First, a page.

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Alumni

David Armstrong

Career Path: Mechanical Process Technologist, AkzoNobel
Location: Felling, UK

I previously worked in mechanical maintenance and wanted to progress my career into engineering project management. AkzoNobel gave me the opportunity to work as an engineering project technologist while studying for a degree part-time. They covered my university fees and gave me on-the-job training to support my university studies.

What are you doing now?David Armstrong

I am now an Engineering Process Technologist for the Powder Coatings division. I run engineering projects that develop and implement new and innovative engineering solutions to AkzoNobel's sites globally. I provide engineering support to these sites to ensure they are running efficiently and using the most up-to-date technology in the industry.

What was it about Northumbria that made you decide to study here?

As I was studying part-time, I needed a university that was within an hours drive from my home. I researched the potential universities and decided on Northumbria University as it offered excellent facilities for both theoretical and practical study. To add the research I commenced, I have friends who have graduated from Northumbria University and they have always spoken highly about their time studying there.

What was it like studying at Northumbria?

Studying at Northumbria was very challenging, there was a good mixture of lectures and seminars. During the seminars the lecturer was able to to work one-on-one with the students as the class numbers weren't excessive. I was always given good and timely feedback on my assignments which helped me to progress and improve each time.

How connected was your course with industry?

My course was very well connected to industry. As a part-time student, my company sponsored me through the degree which meant that they were in contact with the university and worked alongside the University for some of my assignments. This made my assignments current and relevant to the industry. We were also given guest lectures from Northumbria Alumni that now work in leading engineering companies (e.g. Shell and BAE Systems). These showed us what our degree could potentially lead to. As part of the course, I attended engineering an engineer conference in Birmingham which showcased new technology from the industry from a wide range of companies. This gave the students an insight in the potential careers that lay ahead after graduation.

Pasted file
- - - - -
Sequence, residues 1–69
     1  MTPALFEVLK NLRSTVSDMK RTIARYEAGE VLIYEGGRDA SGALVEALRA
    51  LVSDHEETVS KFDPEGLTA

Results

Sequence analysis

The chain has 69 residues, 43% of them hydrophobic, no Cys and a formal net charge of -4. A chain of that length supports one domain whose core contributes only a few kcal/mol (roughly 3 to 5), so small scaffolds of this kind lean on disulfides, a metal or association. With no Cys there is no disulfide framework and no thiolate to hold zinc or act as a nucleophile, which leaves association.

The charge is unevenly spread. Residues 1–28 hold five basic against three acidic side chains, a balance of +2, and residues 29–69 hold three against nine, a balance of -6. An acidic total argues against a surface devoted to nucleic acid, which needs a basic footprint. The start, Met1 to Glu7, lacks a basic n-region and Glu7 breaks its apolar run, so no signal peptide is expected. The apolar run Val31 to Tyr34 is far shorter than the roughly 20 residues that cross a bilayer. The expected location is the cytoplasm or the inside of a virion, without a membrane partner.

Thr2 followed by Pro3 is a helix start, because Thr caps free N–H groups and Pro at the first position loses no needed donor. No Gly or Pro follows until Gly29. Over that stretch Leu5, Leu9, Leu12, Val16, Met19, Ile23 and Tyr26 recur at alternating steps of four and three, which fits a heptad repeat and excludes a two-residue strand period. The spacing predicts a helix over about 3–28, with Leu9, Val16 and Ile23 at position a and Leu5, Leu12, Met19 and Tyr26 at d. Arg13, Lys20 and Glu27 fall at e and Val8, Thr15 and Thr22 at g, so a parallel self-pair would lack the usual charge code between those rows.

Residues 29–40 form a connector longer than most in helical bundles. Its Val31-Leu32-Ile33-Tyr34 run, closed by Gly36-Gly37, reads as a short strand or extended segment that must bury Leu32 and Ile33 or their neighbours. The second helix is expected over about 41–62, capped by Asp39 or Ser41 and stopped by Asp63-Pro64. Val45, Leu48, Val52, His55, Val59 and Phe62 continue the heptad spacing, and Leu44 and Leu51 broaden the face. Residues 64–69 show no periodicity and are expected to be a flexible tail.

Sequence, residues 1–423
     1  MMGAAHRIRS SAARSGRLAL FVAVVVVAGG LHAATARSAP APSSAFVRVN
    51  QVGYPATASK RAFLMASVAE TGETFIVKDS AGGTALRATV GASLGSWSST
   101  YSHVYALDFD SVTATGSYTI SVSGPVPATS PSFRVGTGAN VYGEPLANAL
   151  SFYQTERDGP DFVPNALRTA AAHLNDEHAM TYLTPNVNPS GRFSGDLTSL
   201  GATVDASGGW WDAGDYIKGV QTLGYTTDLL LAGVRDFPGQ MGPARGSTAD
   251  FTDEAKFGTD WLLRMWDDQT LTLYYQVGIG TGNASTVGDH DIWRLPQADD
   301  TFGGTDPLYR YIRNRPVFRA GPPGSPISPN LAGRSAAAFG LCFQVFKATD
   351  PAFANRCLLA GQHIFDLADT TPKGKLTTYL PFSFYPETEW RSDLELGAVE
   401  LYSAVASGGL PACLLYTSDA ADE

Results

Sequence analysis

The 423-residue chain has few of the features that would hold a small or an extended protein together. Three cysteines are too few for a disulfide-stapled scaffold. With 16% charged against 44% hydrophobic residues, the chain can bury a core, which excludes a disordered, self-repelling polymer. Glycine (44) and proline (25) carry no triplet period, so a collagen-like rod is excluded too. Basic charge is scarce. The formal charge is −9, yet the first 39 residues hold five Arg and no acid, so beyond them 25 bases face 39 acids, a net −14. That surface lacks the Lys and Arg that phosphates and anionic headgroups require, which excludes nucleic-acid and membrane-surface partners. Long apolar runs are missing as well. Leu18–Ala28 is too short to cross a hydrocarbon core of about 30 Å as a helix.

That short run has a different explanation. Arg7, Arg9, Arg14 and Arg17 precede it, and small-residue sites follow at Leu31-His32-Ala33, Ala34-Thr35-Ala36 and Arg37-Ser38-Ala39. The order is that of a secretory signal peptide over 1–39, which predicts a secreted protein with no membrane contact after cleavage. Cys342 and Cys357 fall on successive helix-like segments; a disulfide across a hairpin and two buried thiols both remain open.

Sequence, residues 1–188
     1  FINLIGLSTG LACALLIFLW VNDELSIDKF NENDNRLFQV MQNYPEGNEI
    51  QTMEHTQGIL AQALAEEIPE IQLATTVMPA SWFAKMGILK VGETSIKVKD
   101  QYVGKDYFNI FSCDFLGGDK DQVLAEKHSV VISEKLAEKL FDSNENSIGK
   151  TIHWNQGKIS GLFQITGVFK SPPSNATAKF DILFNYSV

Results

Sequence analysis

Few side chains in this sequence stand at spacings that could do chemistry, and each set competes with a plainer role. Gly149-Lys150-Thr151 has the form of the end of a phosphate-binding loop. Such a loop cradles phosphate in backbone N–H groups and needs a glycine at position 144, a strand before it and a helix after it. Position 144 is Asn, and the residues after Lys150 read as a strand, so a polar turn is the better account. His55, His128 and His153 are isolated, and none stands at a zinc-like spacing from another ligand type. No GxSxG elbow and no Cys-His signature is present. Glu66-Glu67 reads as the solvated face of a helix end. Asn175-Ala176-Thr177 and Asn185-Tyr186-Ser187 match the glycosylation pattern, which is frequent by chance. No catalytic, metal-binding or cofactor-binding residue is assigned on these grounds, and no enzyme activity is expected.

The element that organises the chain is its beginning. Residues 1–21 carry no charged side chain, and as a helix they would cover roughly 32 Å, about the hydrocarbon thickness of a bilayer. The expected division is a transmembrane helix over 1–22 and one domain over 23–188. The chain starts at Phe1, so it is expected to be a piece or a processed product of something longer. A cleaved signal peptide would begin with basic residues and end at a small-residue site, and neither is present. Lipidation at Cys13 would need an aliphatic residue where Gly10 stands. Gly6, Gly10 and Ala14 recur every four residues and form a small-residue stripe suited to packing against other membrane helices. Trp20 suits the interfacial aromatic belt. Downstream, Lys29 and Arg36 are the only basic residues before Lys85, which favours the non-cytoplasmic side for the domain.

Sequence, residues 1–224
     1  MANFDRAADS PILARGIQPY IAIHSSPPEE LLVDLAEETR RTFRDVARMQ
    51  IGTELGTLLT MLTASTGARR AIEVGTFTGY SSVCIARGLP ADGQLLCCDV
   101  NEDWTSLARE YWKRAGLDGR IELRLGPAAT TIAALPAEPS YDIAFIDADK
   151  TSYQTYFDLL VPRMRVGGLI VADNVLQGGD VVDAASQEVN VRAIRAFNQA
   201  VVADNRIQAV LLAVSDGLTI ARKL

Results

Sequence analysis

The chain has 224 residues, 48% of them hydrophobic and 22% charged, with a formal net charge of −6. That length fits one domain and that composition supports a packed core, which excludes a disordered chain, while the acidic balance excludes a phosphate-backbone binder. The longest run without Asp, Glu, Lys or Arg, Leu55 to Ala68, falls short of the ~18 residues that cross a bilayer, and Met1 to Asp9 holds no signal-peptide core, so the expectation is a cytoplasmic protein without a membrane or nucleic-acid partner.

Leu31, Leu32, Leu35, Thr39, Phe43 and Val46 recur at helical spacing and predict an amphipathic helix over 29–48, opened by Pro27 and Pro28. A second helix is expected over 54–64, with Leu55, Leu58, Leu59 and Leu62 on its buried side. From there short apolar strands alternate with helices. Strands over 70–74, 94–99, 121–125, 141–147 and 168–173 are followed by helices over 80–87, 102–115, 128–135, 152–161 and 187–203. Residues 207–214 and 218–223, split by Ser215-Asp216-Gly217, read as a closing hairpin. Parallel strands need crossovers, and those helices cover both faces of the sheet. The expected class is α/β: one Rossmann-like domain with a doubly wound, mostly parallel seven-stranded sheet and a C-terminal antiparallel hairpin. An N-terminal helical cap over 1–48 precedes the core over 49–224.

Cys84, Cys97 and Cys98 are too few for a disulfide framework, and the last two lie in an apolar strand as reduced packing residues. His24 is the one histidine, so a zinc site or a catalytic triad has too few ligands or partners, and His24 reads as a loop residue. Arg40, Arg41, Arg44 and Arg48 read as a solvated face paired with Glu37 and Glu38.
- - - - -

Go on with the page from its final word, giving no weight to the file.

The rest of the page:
What was the best thing about your course?

The best thing about my course was the people; I made some excellent life-long fiends. This was good for both the social side of university, and the studying aspect. There wasn't one exam we didn't help each other to revise for. Everyone helped each other out.

How did studying at Northumbria help you achieve your career goals/ give your career an edge?

My company sponsored me through the course so I was already on my chosen career path when I started my studies at Northumbria, however my CV is now leagues ahead of what it was previously. I am now able to apply for jobs that I could have never done without studying at Northumbria.

Which skills/knowledge did you learn on your course that you use most now throughout your career?

As I am now leading engineering projects, I find the planning and organisational skills very useful. Planning and executing my dissertation project was an excellent stepping stone into the type of planning I do for my current role. Preparing business cases and planning project timelines are things I do on a daily basis. As part of my current role I have had to calculate flow rates, design new machinery etc. I was able to do all of this from the knowledge gained at Northumbria. I am able to apply my knowledge to solve complex engineering problems.

What did you enjoy most about your time at Northumbria University?

As I was studying part-time, being at university was a huge contrast to my work-life. I really enjoyed the atmosphere of being on campus. From studying for group projects in the library to having lunch with friends, I thoroughly enjoyed every moment of university life.

What advice would you give somebody who is considering studying at Northumbria?

Take in every moment and enjoy both the study and social side of being a university student. However, don't let the social side affect your learning. This is easily done and I have seen it many times with students on our course who had to drop back a year. If you are ever struggling, speak to your lecturer or course leader. There is always someone there to help and you will find that other students are feeling exactly the same as you. Don't bury your head in the sand, seek help as soon as you think you're struggling.

How would you describe your time at Northumbria in three words?

Life-changing Challenging Fun

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